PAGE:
The famous undated photo above which for years has been the image associated with the proof that the Loch Ness Monster exists is now completely debunked as scientists have now conclusive proof that Nessie, as the locals refer to it, does not actually exist.
DNA tests carried out on water samples from the river situated in Scotland now conclusively confirm that there are no ‘monsters’ living there not even in the depths.
Neil Gemmell, a geneticist from the University of Otago in New Zealand, led the study that tried to catalog all living species in the lake by extracting DNA from water samples.
“Eels are very plentiful in the loch system — every single sampling site that we went to pretty much had eels and the sheer volume of it was a bit of a surprise,” Gemmell said.
The study did rule out the possibility that Nessie, the favorite of folklore, is a long-necked ancient reptile called a plesiosaur. The study also rejected speculations that it might be a Greenland shark or a giant sturgeon.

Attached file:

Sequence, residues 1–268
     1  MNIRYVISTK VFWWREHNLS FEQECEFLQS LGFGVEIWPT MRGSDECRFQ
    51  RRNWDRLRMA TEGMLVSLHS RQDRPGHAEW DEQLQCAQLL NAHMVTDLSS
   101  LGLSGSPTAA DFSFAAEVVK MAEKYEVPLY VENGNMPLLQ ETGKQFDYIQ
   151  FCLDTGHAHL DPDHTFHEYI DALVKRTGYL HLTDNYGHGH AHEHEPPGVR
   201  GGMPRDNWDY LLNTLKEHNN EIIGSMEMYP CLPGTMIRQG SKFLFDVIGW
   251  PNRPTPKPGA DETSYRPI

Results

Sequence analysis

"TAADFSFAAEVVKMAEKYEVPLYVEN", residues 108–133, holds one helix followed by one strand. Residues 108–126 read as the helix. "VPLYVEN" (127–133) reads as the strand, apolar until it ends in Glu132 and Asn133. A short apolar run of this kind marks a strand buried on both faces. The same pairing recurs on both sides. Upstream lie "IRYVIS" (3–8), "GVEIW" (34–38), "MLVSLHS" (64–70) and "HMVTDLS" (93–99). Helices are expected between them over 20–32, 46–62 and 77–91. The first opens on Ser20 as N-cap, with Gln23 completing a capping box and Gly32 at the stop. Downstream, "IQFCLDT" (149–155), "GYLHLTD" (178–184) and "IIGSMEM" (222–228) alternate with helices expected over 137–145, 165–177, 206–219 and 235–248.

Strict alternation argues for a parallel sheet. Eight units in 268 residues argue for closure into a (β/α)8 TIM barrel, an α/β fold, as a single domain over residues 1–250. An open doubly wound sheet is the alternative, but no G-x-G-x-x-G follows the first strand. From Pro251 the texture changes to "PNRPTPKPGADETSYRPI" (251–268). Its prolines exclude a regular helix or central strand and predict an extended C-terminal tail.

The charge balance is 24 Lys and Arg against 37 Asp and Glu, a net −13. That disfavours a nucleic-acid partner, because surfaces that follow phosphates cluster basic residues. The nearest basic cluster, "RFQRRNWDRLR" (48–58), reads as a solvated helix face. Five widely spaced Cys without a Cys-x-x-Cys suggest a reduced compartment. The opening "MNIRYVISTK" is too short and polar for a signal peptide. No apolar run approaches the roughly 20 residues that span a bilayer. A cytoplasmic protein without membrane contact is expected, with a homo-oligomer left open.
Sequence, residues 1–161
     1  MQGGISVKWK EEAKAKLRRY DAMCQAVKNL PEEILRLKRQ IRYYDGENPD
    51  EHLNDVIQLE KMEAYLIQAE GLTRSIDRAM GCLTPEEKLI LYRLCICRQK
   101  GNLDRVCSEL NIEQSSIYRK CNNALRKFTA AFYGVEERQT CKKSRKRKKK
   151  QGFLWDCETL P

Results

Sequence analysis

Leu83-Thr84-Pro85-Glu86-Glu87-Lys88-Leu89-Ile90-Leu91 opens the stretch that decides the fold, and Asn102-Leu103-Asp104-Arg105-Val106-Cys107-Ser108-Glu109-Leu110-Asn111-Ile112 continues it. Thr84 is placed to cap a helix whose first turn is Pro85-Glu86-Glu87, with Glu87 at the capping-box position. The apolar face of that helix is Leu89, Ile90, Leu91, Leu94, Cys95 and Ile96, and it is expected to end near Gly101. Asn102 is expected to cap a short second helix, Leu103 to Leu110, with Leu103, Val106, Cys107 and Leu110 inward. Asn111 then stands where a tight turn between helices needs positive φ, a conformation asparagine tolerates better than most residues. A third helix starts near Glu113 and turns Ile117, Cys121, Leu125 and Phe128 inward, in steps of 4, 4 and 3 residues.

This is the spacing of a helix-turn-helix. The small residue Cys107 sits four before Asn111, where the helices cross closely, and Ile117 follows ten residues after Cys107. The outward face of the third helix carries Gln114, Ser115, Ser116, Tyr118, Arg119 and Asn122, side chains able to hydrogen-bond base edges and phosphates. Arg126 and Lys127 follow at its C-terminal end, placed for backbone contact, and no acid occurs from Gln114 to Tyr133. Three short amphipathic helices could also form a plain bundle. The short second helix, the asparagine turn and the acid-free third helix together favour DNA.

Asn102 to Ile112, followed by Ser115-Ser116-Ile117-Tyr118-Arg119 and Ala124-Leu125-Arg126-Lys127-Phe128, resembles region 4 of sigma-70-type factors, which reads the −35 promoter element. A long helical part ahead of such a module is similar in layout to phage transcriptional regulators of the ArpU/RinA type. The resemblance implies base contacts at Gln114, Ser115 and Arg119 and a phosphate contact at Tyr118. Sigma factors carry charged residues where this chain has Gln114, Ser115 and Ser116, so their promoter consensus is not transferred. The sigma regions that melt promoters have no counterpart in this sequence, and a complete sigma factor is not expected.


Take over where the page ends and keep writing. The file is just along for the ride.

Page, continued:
The first written record of a monster relates to the Irish monk St. Columba, who is said to have banished a “water beast” to the depths of the River Ness in the 6th century.
Thousands have tried to photograph or capture the elusive monster since. The most famous picture of Nessie, known as the 1934 “surgeon’s photo,” shows a head with a long neck emerging from the water. It was later revealed to be a hoax involving a toy submarine outfitted with a sea-serpent head.
More recently, a high-tech marine drone found a monster in the Loch Ness in 2016 — but it turned out to be a Nessie-shaped beast created for the 1970 film “The Private Life of Sherlock Holmes,” which sank nearly 50 years ago.
“People love a mystery. We’ve used science to add another chapter to Loch Ness’ mystique,” Gemmell said.